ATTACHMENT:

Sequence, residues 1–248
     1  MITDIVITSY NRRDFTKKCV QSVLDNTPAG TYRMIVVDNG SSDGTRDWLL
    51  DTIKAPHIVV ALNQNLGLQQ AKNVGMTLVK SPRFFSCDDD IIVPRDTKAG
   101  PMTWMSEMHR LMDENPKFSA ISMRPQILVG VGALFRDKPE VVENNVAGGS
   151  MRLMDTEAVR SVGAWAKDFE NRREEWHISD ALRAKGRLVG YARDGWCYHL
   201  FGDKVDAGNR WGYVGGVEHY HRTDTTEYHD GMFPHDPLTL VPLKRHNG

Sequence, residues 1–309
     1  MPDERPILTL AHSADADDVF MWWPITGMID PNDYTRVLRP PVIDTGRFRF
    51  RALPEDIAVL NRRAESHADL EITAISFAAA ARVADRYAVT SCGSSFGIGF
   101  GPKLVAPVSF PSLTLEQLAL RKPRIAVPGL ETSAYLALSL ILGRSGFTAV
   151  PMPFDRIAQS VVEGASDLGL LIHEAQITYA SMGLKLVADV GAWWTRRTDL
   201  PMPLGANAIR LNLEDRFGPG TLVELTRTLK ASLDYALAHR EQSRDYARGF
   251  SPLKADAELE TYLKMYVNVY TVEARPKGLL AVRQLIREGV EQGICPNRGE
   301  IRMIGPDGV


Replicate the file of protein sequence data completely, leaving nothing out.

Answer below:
Sequence, residues 1–248
     1  MITDIVITSY NRRDFTKKCV QSVLDNTPAG TYRMIVVDNG SSDGTRDWLL
    51  DTIKAPHIVV ALNQNLGLQQ AKNVGMTLVK SPRFFSCDDD IIVPRDTKAG
   101  PMTWMSEMHR LMDENPKFSA ISMRPQILVG VGALFRDKPE VVENNVAGGS
   151  MRLMDTEAVR SVGAWAKDFE NRREEWHISD ALRAKGRLVG YARDGWCYHL
   201  FGDKVDAGNR WGYVGGVEHY HRTDTTEYHD GMFPHDPLTL VPLKRHNG

Sequence, residues 1–309
     1  MPDERPILTL AHSADADDVF MWWPITGMID PNDYTRVLRP PVIDTGRFRF
    51  RALPEDIAVL NRRAESHADL EITAISFAAA ARVADRYAVT SCGSSFGIGF
   101  GPKLVAPVSF PSLTLEQLAL RKPRIAVPGL ETSAYLALSL ILGRSGFTAV
   151  PMPFDRIAQS VVEGASDLGL LIHEAQITYA SMGLKLVADV GAWWTRRTDL
   201  PMPLGANAIR LNLEDRFGPG TLVELTRTLK ASLDYALAHR EQSRDYARGF
   251  SPLKADAELE TYLKMYVNVY TVEARPKGLL AVRQLIREGV EQGICPNRGE
   301  IRMIGPDGV